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Thursday, January 17, 2008

Breed Profile: "English" Bulldog

Disclaimer: This column addresses the GENERAL idiosyncracies of this breed. I've known a few bulldogs who were wonderful, but, sadly, they tend to be the exception to the rule. They're so homely they're cute, they're comical, and now they're in the AKC's Top Ten most popular breeds for 2007. They're bulldogs, formerly known as "English" Bulldogs.

My advice: Don't get one, unless you have LOTS of money to spend on vet bills and are a TRUE EXPERT on the physical and emotional makeup of this breed, and are committed to TAKE THIS DOG SERIOUSLY.

Okay, now that all the bulldog owners are mad at me, let me explain. This dog is a training challenge. It's a physical mess. It's outrageously expensive to buy and maintain, and its temperament is often less than pleasant. The bulldog is prone to lots of high-dollar problems with its eyes, ears, skin, heart, respiratory and skeletal system. Yet, because bulldogs are unique and a bit "edgy," people are paying big bucks to backyard breeders who are cranking out puppies as fast as they can, without regard to quality. It's a seller's market, and these "breeders" are commanding obscene prices for dogs that are often genetically inferior.

Buy a bulldog, and you'll pay enough in vet bills over the next 10 years to help retire your favorite vet to the golf courses in Scottsdale. And that's just the physical downside to Bulldogs.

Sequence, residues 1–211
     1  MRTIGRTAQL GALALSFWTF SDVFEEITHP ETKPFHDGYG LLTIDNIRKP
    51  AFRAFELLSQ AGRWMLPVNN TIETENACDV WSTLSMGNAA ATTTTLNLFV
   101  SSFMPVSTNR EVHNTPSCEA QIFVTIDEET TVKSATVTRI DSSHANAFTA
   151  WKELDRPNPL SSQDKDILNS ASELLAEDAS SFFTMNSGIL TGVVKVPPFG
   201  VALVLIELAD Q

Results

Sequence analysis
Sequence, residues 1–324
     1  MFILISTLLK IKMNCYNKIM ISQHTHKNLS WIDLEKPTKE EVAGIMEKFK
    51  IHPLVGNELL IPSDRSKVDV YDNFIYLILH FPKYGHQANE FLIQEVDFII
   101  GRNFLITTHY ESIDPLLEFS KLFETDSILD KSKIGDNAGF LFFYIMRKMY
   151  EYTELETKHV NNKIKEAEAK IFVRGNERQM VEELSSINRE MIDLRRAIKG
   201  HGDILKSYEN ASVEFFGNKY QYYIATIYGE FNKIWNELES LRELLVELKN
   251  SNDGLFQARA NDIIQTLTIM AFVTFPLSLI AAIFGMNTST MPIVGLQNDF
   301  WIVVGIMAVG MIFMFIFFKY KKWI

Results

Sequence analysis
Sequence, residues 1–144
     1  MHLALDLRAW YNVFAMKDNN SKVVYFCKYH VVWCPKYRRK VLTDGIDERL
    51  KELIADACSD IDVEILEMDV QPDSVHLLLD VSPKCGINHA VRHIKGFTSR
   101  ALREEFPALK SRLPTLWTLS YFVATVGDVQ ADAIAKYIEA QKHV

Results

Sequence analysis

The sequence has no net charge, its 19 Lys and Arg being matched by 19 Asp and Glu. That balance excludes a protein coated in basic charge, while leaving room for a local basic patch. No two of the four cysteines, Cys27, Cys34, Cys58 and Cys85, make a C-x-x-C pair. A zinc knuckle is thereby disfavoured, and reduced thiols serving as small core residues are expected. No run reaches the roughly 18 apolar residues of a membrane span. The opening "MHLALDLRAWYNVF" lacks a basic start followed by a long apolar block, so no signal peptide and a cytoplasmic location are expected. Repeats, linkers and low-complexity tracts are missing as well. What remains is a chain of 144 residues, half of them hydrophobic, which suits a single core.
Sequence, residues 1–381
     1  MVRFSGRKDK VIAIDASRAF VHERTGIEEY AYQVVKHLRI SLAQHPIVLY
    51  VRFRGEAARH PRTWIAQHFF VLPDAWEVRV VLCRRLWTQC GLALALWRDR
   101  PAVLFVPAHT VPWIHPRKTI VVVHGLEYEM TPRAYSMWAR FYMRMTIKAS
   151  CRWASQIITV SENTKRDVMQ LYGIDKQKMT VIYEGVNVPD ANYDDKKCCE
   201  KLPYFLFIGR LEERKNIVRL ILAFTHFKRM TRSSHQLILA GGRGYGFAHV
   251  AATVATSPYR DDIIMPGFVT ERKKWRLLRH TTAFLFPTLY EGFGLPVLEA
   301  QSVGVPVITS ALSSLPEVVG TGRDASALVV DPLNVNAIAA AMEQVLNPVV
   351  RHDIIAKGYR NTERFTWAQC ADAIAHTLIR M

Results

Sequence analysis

The temperament is what most concerns us trainers. The general public's perception of this dog is that it's a laid-back, lazy, and easy going. In fact, the AKC standard for a bulldog temperament is: "equable and kind, resolute and courageous (not vicious or aggressive), and demeanor should be pacific and dignified." But this does NOT describe the majority of bulldogs I've seen and worked with in the past 15 years. Most of them START OUT that way..but something rather dreadful (and totally predictable) seems to happen when the dogs hit adolescence. They pick arguments with their owners or fellow pack members, and they frequently win (with a growl or bite).

The problem starts with a puppy so cute and comical that no one can stand to discipline or correct it for common attitude-related behavior problems. In short, no one takes the poor young dog seriously. As the dog gets away with more and more mischief, he gets BIGGER in size and status. By the time he's an adolescent, he's getting too big and strong to discipline. He growls at his owners when they try to make him do something, and they back down because they're intimidated. From there the problem just escalates until the dog is running the household. When he meets other dogs, he's ready to take them on too because, after all, he's the boss in every other situation.

Whereas most dogs can be quickly and appropriately disciplined when they get bratty, the physical build of a bulldog makes this very difficult. This dog is basically one big muscle with a face stuck on the front end. No neck! The normally effective chain-type training collar (which duplicates a nip from Mama Dog) barely works on a bulldog because the head is smaller than the "neck." With one flip of his head, he can fling off his collar. A Gentle Leader would be great...if it would fit him. But without a conventional nose and mouth (muzzle), he's difficult to fit. A regular buckle collar can spell disaster too, since the dog can easily back out of it if he really wants to. A mini-prong collar is probably the best option for training, although it must be placed up high, right behind the dog's ears, to have much effect.